Click the scales for TimsLaw.com home TimsLaw.com
Timslaw.com Missouri Employment Law
Maintained by Attorney Phil Willoughby
Missouri Employment Lawyer
About Phil   Contact   Consults   Fees
Founded by Tim Willoughby, Esq.
*** GETTING STARTED ***
1- READ MY FRONT PAGE
2- How to use TimsLaw.com
3- FAQ - Job Law Q & A
4- Fired Employee Rights
5- Deciding what to do - Suing, etc
6- Missouri Service Letter 290.140
 
Get Firefox!  
Knowledge is power. LEARN here and then see a lawyer. Don't act alone.
ARTICLES:

Timelines for normal and expedited Discrimination lawsuits in the Federal Courts

The timelines presented below are realistic for discrimination cases where an EEOC charge has to occur before a lawsuit gets filed. The timelines assume that the case will be heard in the Federal Courts, because that’s where most discrimination cases get heard in Missouri.

Persons with cases other than “discrimination” may have different timelines, and I have not written about those yet. But I can say here that cases in the Missouri State Court system might flow a bit faster or slower, depending on the type of case and what happens as the case unfolds.

At any time the case could settle, no matter where you are in the timeline. Settlement is controlled in large part by how reasonable the parties are willing to be considering the unique circumstances of the case at hand.

A few lessons we can take from these timelines . . .

Litigation is often time consuming and perhaps very expensive if you are paying hourly legal fees.

Lawyers have to be careful about what cases they take on, because they could be living with the case for a very long time.

Companies and Employees should both be reasonable and try to get their dispute resolved at the earliest opportunity.

Normal timeline of a Federal Discrimination Lawsuit that does not settle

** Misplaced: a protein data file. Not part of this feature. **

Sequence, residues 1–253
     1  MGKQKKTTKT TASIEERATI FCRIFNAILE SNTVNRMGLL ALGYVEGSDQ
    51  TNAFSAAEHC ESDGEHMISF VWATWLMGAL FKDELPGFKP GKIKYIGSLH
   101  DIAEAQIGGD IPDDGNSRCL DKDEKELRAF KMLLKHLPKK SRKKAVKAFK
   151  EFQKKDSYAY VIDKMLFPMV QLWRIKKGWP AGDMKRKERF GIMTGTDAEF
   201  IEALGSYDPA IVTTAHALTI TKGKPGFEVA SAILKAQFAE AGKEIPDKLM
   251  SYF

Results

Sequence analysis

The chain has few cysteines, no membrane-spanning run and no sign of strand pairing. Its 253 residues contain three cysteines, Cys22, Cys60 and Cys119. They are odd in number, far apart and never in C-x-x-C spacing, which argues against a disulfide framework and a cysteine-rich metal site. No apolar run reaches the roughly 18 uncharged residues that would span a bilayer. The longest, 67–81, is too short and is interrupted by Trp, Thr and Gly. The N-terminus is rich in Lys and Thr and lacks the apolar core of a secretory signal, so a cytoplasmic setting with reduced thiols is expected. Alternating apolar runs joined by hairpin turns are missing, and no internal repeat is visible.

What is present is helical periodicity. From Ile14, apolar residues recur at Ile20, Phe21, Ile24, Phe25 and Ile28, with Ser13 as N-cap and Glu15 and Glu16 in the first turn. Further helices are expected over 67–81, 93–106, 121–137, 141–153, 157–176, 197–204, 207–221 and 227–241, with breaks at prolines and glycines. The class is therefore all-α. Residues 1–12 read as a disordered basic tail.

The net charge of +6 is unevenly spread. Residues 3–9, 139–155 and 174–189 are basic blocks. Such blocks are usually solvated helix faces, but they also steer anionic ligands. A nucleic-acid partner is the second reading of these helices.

Year 1 of Federal Discrimination Lawsuit

  • Year 1, Day 1 - A discriminatory termination occurs that brings you to see a lawyer
  • Year 1, Day 10 - An EEOC charge gets filed, as I discuss in my Discrimination article
  • Year 1, Day 180 - EEOC issues a “right to sue” letter (see Discrimination)
  • Year 1, Day 270 - A lawsuit gets filed
  • Year 1, Day 330 - Defendant “answers” the lawsuit
  • Year 1, Day 360 - Lawyers meet with the judge for the first time

Year 2 of Federal Discrimination Lawsuit

  • Year 2, Day 1 - “Discovery” of evidence commences. See Expenses for some details.
  • Year 2, Day 120 - Depositions begin. See Expenses for some details.
  • Year 2, Day 150 - Court-ordered settlement meeting (Mediation) occurs
  • Year 2, Day 210 - “Discovery” period ends
  • Year 2, Day 250 - The Company files motions to try to kill the case (Summary Judgment)
  • Year 2, Day 300 - First early Trial date, if the judge lets the case live on
  • Year 2, Day 330 - Post-trial motions filed to argue about trial results
  • Year 2, Day 360 - Judge rules on post-trial motions, perhaps ordering new trial, or approving of jury verdict

Year 3 of Federal Discrimination Lawsuit

  • Year 3, Day 1 - Formal appeal filed by the loser at trial
  • Year 3, Day 120 - All briefing has been completed at the Court of Appeals
  • Year 3, Day 180 - Oral argument at the Court of Appeals
  • Year 3, Day 300 - Court of Appeals issues its decision
  • Year 3, Day 310 - Loser further appeals
  • Year ??? - Maybe the Court of Appeals orders a new trial, so we start all over again

Expedited timeline of a Federal Discrimination Lawsuit that does not settle

Year 1 of Federal Discrimination Lawsuit (expedited)